ITC VOTES TO CONTINUE CASE
ON DRAMS AND DRAM MODULES FROM KOREA
The United States International Trade Commission (ITC) today determined that there is a reasonable indication that a U.S. industry is materially injured by reason of imports of DRAMs and DRAM modules from Korea that are allegedly subsidized.
Chairman Deanna Tanner Okun, Vice Chairman Jennifer A. Hillman, and Commissioners Lynn M. Bragg and Stephen Koplan made affirmative determinations. Commissioner Marcia E. Miller did not participate in this investigation.
As a result of the Commission's affirmative determination, the U.S. Department of Commerce will continue to conduct its countervailing duty investigation of imports of DRAMs and DRAM modules from Korea, with its preliminary determination due on or about January 27, 2003.
The Commission's public report DRAMs and DRAM Modules from Korea (Investigation No. 701-TA-431 (Preliminary), USITC Publication 3569, December 2002) will contain the views of the Commission and information developed during the investigation.
Copies of the report are expected to be available after January 13, 2002, by calling 202-205-1809 or from the Office of the Secretary, 500 E Street SW, Washington, DC 20436. Requests may also be faxed to 202-205-2104.
DRAMs and DRAM Modules from Korea
Investigation No. 701-TA-431 (Preliminary)
Product Description: The imported products subject to this investigation are dynamic random access memory semiconductors ("DRAMs") of various types from Korea, whether assembled or unassembled. Assembled DRAMs include all package types. Unassembled DRAMs include processed wafers, uncut die, and cut die. Also included are memory modules containing DRAMs from Korea. A memory module is a collection of DRAMs, the sole function of which is memory. Memory modules include single in-line processing modules ("SIPs"), single in-line memory modules ("SIMMs"), dual in-line memory modules ("DIMMs"), small outline dual in-line memory modules ("SODIMMs"), Rambus in-line memory modules ("RIMMs"), and memory cards or other collections of DRAMs, whether unmounted or mounted on a circuit board. Also included are video random access memory ("VRAM"), and synchronous graphics RAM ("SGRAM"), as well as various types of DRAMs, including fast page-mode ("FPM"), extended data-out ("EDO"), burst extended data-out ("BEDO"), synchronous dynamic RAM ("SDRAM"), Rambus DRAM ("RDRAM"), and Double Data Rate DRAM ("DDR DRAM"). DRAMs and DRAM modules are used as the main memory in a variety of electronics products including computers and computer peripherals, telecommunications equipment, networking equipment, and consumer electronics devices. By far, the largest end use for DRAMs and DRAM modules is computer equipment.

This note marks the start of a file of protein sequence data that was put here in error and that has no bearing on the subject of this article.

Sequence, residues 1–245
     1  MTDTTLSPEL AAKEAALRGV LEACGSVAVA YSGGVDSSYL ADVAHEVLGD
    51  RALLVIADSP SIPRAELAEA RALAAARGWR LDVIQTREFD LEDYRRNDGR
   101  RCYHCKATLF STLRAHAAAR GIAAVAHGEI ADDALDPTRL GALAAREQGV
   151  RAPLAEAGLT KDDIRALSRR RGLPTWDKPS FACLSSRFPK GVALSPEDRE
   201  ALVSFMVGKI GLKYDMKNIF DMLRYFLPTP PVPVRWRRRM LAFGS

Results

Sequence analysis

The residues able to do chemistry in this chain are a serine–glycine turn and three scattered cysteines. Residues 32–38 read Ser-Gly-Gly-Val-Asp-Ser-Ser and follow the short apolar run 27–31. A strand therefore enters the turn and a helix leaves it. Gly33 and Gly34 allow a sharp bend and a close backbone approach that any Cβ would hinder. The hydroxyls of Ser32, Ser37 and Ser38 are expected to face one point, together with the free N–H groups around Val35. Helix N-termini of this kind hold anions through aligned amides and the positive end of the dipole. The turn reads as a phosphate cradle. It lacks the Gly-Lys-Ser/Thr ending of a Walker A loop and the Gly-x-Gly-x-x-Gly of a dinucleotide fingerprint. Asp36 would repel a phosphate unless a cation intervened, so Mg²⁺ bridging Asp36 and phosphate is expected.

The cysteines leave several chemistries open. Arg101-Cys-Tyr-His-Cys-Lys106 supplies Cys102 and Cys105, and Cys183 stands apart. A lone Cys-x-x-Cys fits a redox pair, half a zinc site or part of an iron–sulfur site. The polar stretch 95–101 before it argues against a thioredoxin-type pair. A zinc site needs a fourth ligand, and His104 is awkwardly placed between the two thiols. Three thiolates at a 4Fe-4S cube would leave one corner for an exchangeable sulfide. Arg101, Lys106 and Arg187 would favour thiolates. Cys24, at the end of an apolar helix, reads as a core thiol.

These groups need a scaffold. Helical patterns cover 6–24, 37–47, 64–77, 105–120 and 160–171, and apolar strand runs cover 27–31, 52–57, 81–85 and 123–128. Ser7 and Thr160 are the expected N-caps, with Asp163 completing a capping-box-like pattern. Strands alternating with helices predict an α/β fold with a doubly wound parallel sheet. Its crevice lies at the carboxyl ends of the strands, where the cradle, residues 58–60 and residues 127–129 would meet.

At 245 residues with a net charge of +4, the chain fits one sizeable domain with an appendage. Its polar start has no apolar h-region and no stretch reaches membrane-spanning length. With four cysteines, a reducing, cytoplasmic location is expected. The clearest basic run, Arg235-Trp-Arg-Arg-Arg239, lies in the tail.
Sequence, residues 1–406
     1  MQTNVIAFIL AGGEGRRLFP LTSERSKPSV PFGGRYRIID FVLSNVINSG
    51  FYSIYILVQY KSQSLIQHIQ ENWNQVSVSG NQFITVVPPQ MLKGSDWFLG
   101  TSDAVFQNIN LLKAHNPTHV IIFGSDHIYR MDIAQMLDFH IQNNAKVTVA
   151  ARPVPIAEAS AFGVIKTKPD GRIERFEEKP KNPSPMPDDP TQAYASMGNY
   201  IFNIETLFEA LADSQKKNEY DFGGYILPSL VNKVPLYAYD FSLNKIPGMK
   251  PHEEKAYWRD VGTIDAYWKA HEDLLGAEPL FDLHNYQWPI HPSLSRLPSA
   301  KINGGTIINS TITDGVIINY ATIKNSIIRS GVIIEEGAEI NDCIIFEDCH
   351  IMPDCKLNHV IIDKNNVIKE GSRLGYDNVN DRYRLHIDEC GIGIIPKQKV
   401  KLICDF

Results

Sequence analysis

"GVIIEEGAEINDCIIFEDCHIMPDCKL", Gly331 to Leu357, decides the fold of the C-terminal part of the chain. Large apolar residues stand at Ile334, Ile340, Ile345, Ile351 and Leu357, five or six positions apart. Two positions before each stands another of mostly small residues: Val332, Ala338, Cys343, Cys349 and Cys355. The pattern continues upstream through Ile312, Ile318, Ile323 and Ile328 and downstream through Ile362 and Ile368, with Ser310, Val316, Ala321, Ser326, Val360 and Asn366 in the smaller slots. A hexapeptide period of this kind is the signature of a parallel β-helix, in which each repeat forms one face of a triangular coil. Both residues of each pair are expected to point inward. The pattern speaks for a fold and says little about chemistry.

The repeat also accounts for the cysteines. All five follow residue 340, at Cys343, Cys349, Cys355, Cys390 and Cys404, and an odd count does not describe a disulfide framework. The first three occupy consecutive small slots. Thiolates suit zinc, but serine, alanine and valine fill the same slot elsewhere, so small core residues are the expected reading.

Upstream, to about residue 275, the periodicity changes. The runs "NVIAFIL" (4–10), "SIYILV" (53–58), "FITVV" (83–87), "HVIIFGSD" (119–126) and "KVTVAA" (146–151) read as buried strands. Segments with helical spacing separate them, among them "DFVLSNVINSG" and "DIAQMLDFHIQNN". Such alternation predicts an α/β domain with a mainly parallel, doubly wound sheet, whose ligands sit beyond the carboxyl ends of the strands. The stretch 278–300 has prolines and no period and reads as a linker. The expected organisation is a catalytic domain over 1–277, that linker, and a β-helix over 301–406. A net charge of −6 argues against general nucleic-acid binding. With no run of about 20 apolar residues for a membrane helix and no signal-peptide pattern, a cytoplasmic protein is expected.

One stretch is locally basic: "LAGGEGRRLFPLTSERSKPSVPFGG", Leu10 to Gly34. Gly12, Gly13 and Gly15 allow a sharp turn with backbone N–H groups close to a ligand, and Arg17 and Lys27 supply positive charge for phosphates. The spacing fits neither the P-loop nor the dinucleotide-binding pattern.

Status of Proceedings: 1. Type of investigation: Preliminary countervailing. 2. Petitioner: Micron Technology, Inc., Boise, ID. 3. Preliminary investigation instituted by the USITC: November 1, 2002. 4. Commission's conference: November 22, 2002. 5. USITC vote: December 13, 2002. 6. USITC determination to the U.S. Department of Commerce: December 16, 2002. U.S. Industry: 1. Number of producers in 2001: 8. 2. Location of producers' plants: Manassas, VA; Gresham, OR; Eugene, OR; Essex Junction, VT; Sandston, VA; Boise, ID; Roseville, CA; Austin, TX. 3. Employment of production and related workers in 2001: (1) 4. Apparent U.S. consumption in 2001: (1) 5. Ratio of the value of total U.S. shipments of imports to total U.S. consumption in 2001: (1) U.S. Imports: 1. From the subject country during 2001: (1) 2. From other countries during 2001: (1) 3. Leading source during 2001: Korea.(1) Withheld to avoid disclosure of business proprietary information.